Commissioners of the Port of Bellingham discussed the possibility of increasing the number of Port commissioners from three to five at their public meeting on Nov. 5, 2019.
The public meeting began at 4:30 pm. The three current Port commissioners — Board President Ken Bell, Vice President Bobby Briscoe and Secretary Michael Shepard — were all present.
During the public comment period, three people stood up to make the case for why they think the Port commission should be expanded. Bellingham resident Ken Hertz said, “it’s a good idea because the Port’s become far more complex.” He said, “the idea was brought up years ago by some disgruntled fishermen, and at that time the commission was opposed. Unless the commission unanimously supports five commissioners, it’s going to be a very, very difficult sell,” he said.
Hertz offered that the Port could follow the County Council and have 5 districts — 2 from the city and 3 from the county — with one commissioner for each. Hertz said, “he has put together a petition but hasn’t had the time to gather enough signatures.” He said, “he’s worked with different port commissions and has found that when there are three commissioners, often there’s too much meddling with the staff.” Hertz added that, “the Port could use more representation because it represents the whole county.“
Bellingham resident Dick Cathell told the commission that he thinks it makes sense to have five commissioners representing the five county council districts. He said that having three commissioners doesn’t create unity. “I’ve always been a believer that we should help grow our governing councils in terms of balance, whether it be gender, color,” he said. Cathell appreciates how well the current commissioners work together, but said, “the commission should have broader representation, so that you’re not accused of just having the old cronies making all the decisions in Bellingham,” he said.
Paul Schissler also urged the Port to increase the number of commissioners from three to five — hopefully soon so the voters can decide in 2020. “So we can move forward and add to the brain power we have up there already with two more people to help make decisions,” Schissler said.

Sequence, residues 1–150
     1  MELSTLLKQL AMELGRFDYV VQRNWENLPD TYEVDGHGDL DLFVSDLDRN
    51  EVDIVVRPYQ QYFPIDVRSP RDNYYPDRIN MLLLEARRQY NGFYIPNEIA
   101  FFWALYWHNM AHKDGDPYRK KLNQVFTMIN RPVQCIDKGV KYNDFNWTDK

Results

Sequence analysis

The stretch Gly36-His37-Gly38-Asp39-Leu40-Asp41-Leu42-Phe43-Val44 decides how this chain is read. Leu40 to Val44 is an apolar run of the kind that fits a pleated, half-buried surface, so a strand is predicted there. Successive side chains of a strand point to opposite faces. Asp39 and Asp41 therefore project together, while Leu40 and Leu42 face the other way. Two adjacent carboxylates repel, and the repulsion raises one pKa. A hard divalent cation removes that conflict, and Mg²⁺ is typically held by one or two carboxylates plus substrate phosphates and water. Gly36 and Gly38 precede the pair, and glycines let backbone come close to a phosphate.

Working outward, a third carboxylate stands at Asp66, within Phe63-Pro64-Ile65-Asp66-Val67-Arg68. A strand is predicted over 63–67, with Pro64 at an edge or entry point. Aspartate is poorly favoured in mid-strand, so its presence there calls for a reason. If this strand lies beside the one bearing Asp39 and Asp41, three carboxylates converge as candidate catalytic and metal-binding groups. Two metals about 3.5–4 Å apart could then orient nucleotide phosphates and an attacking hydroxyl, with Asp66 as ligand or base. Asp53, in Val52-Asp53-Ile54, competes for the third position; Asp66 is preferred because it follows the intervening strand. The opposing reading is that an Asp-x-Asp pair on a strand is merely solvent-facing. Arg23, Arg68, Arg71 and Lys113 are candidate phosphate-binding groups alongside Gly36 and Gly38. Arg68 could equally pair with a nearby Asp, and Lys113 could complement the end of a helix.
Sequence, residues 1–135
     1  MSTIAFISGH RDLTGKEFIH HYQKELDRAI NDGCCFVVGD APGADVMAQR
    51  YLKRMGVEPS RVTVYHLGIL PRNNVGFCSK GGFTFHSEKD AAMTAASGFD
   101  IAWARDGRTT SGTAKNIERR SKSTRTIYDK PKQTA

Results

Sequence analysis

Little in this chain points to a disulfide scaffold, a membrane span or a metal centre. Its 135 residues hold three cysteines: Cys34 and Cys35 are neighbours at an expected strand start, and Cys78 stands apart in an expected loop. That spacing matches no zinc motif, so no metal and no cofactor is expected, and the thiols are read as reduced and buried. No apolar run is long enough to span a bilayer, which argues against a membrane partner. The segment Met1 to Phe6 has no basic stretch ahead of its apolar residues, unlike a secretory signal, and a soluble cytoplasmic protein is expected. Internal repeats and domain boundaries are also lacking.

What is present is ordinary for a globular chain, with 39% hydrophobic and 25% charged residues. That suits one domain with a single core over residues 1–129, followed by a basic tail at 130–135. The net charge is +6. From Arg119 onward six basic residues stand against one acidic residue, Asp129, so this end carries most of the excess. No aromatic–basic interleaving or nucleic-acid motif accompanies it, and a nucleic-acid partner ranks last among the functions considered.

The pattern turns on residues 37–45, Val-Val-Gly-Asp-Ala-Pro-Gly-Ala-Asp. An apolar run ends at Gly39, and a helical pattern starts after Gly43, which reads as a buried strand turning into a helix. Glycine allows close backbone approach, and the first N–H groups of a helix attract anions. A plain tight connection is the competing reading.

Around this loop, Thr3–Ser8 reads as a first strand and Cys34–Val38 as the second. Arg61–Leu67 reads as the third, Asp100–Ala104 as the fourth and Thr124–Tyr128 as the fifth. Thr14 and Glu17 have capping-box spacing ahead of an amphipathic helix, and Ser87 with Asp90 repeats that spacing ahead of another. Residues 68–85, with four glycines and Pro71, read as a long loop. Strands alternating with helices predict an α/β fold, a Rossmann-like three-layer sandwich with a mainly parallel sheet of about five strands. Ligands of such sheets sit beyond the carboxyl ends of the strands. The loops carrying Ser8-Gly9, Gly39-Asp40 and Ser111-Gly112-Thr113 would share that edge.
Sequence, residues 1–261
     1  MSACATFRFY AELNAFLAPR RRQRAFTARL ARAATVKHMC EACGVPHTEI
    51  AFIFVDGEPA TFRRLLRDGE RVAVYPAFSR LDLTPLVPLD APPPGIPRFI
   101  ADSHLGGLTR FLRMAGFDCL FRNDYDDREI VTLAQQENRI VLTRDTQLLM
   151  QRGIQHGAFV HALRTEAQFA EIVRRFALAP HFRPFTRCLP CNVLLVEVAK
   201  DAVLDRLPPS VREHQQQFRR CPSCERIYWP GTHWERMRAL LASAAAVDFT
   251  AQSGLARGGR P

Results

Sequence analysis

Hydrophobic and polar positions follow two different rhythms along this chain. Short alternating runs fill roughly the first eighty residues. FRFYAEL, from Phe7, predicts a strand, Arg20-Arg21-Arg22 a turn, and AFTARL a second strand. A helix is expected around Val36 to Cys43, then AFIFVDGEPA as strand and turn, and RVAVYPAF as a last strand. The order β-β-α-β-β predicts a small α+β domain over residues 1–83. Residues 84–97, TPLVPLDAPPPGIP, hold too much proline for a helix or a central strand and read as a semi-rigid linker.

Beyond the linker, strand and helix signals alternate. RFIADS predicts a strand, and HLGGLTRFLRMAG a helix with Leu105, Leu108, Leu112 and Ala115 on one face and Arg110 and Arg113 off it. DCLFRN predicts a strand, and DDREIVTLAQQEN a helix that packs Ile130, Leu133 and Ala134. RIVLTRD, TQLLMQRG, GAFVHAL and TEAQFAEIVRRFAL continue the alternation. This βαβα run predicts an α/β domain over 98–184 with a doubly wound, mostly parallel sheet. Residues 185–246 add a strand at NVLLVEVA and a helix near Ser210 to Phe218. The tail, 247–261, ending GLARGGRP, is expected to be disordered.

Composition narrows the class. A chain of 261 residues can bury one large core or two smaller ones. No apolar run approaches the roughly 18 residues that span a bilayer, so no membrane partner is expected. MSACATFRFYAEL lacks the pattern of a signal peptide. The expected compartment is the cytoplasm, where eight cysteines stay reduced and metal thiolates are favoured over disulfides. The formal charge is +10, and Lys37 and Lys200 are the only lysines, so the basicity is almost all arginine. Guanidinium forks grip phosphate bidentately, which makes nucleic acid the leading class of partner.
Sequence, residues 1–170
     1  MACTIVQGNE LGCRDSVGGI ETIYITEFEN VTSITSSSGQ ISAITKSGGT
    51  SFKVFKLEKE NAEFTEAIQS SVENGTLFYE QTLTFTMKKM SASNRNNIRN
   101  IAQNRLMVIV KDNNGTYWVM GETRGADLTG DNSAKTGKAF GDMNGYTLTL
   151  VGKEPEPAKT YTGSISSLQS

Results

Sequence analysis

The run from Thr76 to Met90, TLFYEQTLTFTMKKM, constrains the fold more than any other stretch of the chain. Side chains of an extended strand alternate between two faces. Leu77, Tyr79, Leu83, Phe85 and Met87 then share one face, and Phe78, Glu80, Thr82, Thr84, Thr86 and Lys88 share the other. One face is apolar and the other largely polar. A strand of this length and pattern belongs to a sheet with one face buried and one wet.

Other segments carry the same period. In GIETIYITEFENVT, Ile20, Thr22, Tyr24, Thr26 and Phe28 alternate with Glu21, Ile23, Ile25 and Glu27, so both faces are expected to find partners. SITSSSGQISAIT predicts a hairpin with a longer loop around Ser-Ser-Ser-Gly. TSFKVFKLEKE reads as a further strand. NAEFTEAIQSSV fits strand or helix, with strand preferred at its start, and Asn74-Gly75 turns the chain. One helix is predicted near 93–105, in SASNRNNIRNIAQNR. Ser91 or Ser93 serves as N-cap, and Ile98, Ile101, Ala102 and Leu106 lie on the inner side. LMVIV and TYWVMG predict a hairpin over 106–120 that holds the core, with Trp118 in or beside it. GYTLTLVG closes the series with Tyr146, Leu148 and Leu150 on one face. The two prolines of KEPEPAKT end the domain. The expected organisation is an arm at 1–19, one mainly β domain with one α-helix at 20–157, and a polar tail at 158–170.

The only way the Port can increase the number of commissioners is by a vote of the people, Port Executive Director Rob Fix said during a presentation on what it would take to expand the commission. To get the proposal on the ballot, the commission could pass a resolution or citizens could submit a petition. A petition would have to be signed by at least 10% of the number of citizens that voted in the last district general election.
The ballot proposition for the increase would have to be submitted to voters at the next general or special election occurring at least 60 days after a petition is submitted or resolution adopted, Fix said. If approved, the two additional port commissioners would be elected at the next district general election — not a special election — after the election where voters authorized the increase.
Adding two commissioners would require adopting five commissioner districts, Fix explained. The Port could adopt its own districts or use the county council’s existing five districts. If commissioners want the two new seats to be at large, that decision would have to come afterward.
The initial terms for the new commissioners, if it passed during an even-numbered year, would be 3 years and 1 year, with the top vote-getter taking the 3-year term and the second-highest vote-getter taking the 1-year term. In future elections, all commissioners would be elected to 4-year terms. Bell asked about having 6-year terms, saying it would lower costs. Fix said that would also require a vote of the people.
Having five commissioners would increase the Port’s average annual costs by about $95,000. Fix said that if they hold a special election for the proposal, it will be more expensive than if it’s on a general election ballot because the Port would have to take on a greater share of the election costs.
Shepard said he supports expanding the commission to five. He said this issue continually gets brought up, and overwhelmingly people say they want to expand the commission. Shepard said he did his own informal polling of about 2,000 people, and 75 percent said they support moving to five commissioners. Having more commissioners would increase diversity, he claimed, and having the same districts as the county council would reduce confusion.
Bell said that from a governance standpoint, having five port commissioners is a wise choice, and they should let the community decide. “In my mind it’s worthy of a ballot measure,” he said, “if for nothing else just to hear what the community has to say about it.“
Briscoe did not support increasing the number of commissioners. He said more government isn’t always better, and “when something isn’t broken why fix it?” Briscoe said, “the current commission is approachable and easy to work with, and he doesn’t think having five districts is going to represent more people.“
Briscoe added that, “with more commissioners, more deal making would be done outside of the public eye. I honestly believe we will lose transparency as a commission if we go to five commissioners,” he said. “I think if the people are smart and they elect three good commissioners, you’re going to have a good commission.“
Briscoe said the Port’s current 3-district system only comes into play during primary elections. “We’re not bound to representing our district only, and this is a non-partisan office and we’re supposed to represent everybody in the county.“
If the people want more commissioners, Briscoe surmised, they should introduce the proposal with a petition.
written by Mike Curtiss for Common Threads NW